Having a bit more understanding of those dynamics so that when you’re perhaps criticizing what governments are doing, you’re doing so maybe in a more diplomatic way, and understanding the real constraints that they face politically. I think that would be one of the most important things think tanks should account for when they’re selecting the issues that they write about, but also in terms of their tone and how they engage governments, sitting governments in particular.

SEAN SPEER: Yes, that’s great advice. A bit more empathy wouldn’t hurt many aspects of Canadian society including the world of public policy. I think this is a good example. Let me ask one final question on this set of issues, and then we’ll move on to some other topics that I want to put to you today.

Do you have any advice for policy people who want to go into government and politics in order to bring expression to their ideas and values but don’t want to get swept up into the hyper-partisanship that can cause one to lose him or herself? How, in other words, Charles, can someone keep their head and stay true to themselves in such a high-paced, high-stakes, us-versus-them environment?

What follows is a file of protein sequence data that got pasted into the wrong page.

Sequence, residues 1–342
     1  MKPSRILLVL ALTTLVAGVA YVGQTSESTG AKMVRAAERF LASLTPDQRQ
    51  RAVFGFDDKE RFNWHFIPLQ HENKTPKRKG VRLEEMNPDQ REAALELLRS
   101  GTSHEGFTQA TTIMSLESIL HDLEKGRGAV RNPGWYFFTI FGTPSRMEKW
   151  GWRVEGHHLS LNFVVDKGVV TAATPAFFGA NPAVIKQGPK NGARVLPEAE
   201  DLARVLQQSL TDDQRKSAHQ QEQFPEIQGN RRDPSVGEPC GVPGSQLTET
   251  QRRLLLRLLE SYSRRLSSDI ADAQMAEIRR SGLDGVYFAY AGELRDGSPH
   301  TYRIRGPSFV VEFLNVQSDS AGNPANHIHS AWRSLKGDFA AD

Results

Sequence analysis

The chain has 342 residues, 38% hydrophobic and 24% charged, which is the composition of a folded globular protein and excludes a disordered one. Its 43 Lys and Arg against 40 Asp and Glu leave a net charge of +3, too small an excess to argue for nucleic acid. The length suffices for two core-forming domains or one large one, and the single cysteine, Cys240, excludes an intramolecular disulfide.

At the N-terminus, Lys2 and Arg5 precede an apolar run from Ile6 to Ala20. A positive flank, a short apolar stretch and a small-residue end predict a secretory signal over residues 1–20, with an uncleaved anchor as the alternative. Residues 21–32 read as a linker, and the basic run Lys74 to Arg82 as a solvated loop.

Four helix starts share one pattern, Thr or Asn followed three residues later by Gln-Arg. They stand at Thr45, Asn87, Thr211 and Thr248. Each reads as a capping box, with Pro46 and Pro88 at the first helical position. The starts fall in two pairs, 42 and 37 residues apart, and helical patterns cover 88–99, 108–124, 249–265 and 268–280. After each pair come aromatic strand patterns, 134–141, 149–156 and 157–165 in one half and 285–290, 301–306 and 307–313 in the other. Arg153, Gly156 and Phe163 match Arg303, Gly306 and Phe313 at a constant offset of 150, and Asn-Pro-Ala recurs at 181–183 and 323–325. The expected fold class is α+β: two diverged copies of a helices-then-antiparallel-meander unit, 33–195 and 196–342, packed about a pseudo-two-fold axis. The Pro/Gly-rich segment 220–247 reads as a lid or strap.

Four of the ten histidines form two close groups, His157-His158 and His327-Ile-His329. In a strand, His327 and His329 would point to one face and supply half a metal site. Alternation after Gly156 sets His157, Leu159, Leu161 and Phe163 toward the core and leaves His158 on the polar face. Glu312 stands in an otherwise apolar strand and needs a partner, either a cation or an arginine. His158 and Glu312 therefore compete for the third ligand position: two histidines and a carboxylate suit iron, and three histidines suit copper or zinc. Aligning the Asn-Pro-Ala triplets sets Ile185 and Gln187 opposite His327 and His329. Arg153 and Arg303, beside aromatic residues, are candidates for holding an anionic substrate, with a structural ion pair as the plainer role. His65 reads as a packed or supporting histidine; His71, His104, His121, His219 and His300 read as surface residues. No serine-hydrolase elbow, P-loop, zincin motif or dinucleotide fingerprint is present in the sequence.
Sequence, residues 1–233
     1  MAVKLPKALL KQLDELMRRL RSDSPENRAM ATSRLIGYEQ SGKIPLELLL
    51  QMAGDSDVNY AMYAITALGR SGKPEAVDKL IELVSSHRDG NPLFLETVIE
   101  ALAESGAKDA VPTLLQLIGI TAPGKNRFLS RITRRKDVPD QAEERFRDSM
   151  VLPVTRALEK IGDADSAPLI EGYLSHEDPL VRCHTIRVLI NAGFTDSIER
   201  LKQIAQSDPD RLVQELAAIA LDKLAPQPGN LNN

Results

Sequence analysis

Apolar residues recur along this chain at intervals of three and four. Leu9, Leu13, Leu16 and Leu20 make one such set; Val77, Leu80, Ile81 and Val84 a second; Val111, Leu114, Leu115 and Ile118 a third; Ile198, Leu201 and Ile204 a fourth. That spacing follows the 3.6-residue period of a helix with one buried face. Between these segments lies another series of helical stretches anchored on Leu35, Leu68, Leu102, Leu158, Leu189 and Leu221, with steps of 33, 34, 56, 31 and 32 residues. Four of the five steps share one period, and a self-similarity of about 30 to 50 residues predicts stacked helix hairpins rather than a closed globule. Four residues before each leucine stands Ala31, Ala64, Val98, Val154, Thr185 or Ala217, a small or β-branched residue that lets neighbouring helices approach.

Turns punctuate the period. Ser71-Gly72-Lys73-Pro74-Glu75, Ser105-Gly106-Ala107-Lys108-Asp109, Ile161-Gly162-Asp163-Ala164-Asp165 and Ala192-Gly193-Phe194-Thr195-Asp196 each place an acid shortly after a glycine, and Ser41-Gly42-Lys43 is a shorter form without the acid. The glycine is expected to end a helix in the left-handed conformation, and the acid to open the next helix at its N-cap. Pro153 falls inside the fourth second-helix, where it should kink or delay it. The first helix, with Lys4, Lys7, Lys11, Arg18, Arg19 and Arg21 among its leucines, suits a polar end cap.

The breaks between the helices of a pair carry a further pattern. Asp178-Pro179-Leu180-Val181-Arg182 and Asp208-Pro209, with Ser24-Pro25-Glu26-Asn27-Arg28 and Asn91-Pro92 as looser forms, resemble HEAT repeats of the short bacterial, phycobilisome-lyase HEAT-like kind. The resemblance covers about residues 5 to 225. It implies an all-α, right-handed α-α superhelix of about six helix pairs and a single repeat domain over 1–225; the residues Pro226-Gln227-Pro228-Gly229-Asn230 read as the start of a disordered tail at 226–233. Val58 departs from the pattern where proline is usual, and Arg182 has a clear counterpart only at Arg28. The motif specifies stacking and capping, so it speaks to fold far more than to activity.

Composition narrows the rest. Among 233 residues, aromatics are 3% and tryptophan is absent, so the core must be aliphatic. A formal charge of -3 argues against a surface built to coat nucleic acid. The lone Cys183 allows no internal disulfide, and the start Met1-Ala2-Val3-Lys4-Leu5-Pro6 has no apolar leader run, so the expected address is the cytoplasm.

CHARLES LAMMAM: I think, first off, they should do it. I can speak from my own experience, Sean, in that my three years in government were invaluable. They made me a better policy professional, and I think a more complete and credible one. If folks have the desire and opportunity to do a stint in government, I think they absolutely should do it. Sometimes it can be thankless work, long hours in a very challenging environment, but if you’re given that opportunity, I think you should jump on it. It’s almost like a masterclass in public policy. Particularly if you’re working on the political side, you get a peak into a window that you otherwise wouldn’t get, you understand how the sausage is made, you understand the real constraints that governments face, and you’re better able to position your own ideas in a way that can resonate more strongly and have greater impact.